Baseball Notes: The Blue Jays Come Alive
The Blue Jays broke out last year with a massive offensive attack only to have a slow start to this year currently sitting at the bottom of the AL East, but they still have the constant threat of overwhelming offense. Today I was able to make it out to see them playing the Twins in Target Field, sitting in the left field bleachers for the first time. It only took the first two batters of the game, Jose Bautista and AL MVP Josh Donaldson, to hit back to back homers and electrify the heavily Canadian crowd.
When I first got into baseball in the early '90's the Blue Jays were at the height of their franchise. They were anchored for offense by John Olerud, Roberto Alomar, Joe Carter, Devon White and Dave Winfield ('92) and Paul Molitor ('93). In '92 and '93 they had Jack Morris, Jimmy Key, Todd Stottlemyre, Juan Guzman, David Wells, Dave Stieb, Pat Hentgen, and Dave Stewart in their rotation. Looking back to both of those lists gives me such nostalgic feelings for that time in baseball even though the Blue Jays weren't quite a favorite team of mine, but they are interesting.
My wife asked me today if I like the Blue Jays and I thought for a little then said "They're not my favorite team, but they are interesting." She said, "I thought you would say that." They faded away after their World Series years despite having stars like Roger Clemens, Carlos Delgado and Vernon Wells but they sprung back to life the last couple years.
Last year, the Blue Jays erupted with an incredible offensive lineup after acquiring Josh Donaldson in the off season and Troy Tulowitzki during the season to accompany Jose Bautista and Edwin Encarnacion. This year will be their first full year with those players and they are continuing with the strategy of batting power hitters leadoff. Last year it was Tulo leading off, and today I got to see Jose Bautista as the leadoff hitter. I like seeing something a little different in a lineup and I think it's not a bad idea in an AL lineup to make the opposing pitchers have to see the best hitters on the team as much as possible. Because they don't have to make a pitcher hit, they can move the traditional lead-off or number two hitter to the bottom of the lineup and spark the game off with awe inspiring power at the start of the game.
One thing that makes the Blue Jays interesting this year is that they have a rotation of a knuckleballer, R.A. Dickey, another initialed crafty pitcher J.A. Happ, two fun young pitchers Marcus Stroman and Aaron Sanchez (not the Chopped judge), and Marco Estrada who gets his chance to not be on the Brewers. Stroman was drafted out of Duke where he was a closer and now is a budding ace who has shown he can make it deep into games.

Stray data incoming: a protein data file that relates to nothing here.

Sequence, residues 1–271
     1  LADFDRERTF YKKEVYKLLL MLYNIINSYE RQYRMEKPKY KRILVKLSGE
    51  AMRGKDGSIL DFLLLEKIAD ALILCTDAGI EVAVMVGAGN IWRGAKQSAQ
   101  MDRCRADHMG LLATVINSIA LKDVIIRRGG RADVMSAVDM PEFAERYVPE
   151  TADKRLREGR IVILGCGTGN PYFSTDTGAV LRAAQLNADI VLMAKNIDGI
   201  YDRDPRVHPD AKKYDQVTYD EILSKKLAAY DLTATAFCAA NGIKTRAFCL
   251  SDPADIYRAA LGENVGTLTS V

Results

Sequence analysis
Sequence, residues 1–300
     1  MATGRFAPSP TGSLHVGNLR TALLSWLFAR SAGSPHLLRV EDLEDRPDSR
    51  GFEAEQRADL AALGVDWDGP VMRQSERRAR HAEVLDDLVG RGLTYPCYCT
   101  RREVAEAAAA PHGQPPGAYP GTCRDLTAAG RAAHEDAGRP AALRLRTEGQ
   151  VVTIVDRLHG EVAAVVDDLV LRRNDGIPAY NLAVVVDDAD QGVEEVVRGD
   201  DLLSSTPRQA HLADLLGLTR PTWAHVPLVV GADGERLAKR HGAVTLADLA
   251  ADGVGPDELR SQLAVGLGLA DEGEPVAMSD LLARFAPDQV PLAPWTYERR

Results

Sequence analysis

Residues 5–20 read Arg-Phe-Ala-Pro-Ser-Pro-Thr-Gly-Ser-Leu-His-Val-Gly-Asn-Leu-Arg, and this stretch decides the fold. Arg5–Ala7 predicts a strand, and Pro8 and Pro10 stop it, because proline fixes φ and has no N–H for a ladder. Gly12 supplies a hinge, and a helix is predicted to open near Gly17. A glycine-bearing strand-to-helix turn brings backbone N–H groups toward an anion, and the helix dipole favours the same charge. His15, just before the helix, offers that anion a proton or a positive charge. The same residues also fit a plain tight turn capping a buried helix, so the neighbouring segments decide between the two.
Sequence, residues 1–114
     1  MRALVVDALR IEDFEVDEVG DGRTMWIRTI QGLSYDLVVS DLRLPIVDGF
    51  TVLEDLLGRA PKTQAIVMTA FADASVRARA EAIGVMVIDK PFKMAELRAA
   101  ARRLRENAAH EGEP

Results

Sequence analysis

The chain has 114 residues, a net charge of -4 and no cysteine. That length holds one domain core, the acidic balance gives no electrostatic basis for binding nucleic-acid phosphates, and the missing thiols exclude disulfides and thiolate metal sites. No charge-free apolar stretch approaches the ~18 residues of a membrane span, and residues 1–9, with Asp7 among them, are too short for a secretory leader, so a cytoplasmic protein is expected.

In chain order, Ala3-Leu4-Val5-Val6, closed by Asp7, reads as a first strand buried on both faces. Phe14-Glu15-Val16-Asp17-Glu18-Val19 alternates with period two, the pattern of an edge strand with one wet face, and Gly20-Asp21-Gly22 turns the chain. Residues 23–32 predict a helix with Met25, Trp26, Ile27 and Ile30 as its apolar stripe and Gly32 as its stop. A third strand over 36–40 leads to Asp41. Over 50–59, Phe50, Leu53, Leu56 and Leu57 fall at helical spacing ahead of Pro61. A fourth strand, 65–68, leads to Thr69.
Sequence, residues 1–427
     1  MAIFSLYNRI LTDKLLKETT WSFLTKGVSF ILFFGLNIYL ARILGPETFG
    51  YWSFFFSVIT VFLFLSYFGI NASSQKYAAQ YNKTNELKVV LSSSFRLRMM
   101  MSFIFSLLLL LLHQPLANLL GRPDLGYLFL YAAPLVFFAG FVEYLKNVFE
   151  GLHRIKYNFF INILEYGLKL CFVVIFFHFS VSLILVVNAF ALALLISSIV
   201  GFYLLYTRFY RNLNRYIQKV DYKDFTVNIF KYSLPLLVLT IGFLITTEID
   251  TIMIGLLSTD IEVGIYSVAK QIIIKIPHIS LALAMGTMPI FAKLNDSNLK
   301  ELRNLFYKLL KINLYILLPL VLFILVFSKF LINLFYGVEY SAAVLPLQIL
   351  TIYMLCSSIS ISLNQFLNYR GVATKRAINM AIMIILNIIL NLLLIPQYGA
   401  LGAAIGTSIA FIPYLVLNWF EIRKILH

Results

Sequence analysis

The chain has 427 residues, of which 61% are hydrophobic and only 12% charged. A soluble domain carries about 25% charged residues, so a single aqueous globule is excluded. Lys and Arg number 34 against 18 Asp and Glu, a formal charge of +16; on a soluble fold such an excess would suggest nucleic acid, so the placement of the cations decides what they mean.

The bullpen may end up being the most "interesting" part of the team, as in strange. They do have one of the youngest players in the majors, Roberto Osuna is their 21 year old closer in his second year in the role. He edged out Nationals former closer Drew Storen to retain the closer position, unfortunately Storen has not done very well this year.
Pat Venditte seems to be the most important player in the majors because he has a rule named after him and it only applies to him. The Venditte rule applies to the fact that he is the only ambidextrous pitcher in the league, and the first in 20 years. The last player to switch pitch did not do so until 10 years into his career so Venditte is the first to switch from pitcher to pitcher, perhaps in nearly 100 years. Apparently, based on the wikipedia page for switch pitchers, Yu Darvish practices switch pitching as a way to stay balanced in his conditioning but has never done it in a game. Most recently, Dennys Reyes who is naturally right handed, learned to pitch left handed after the Dodgers scout who discovered Fernando Valenzuela told him he only signs southpaws, but he only ever pitched left handed professionally. In sports, there are two other prominent examples of athletes playing with their non-dominant hands, Rafael Nadal's uncle convinced him to switch to playing left handed from his natural right hand, and Maria Sharapova is naturally left handed but was trained to play right handed.
Tune in next week for another episode of "Which Hand Is It In?"
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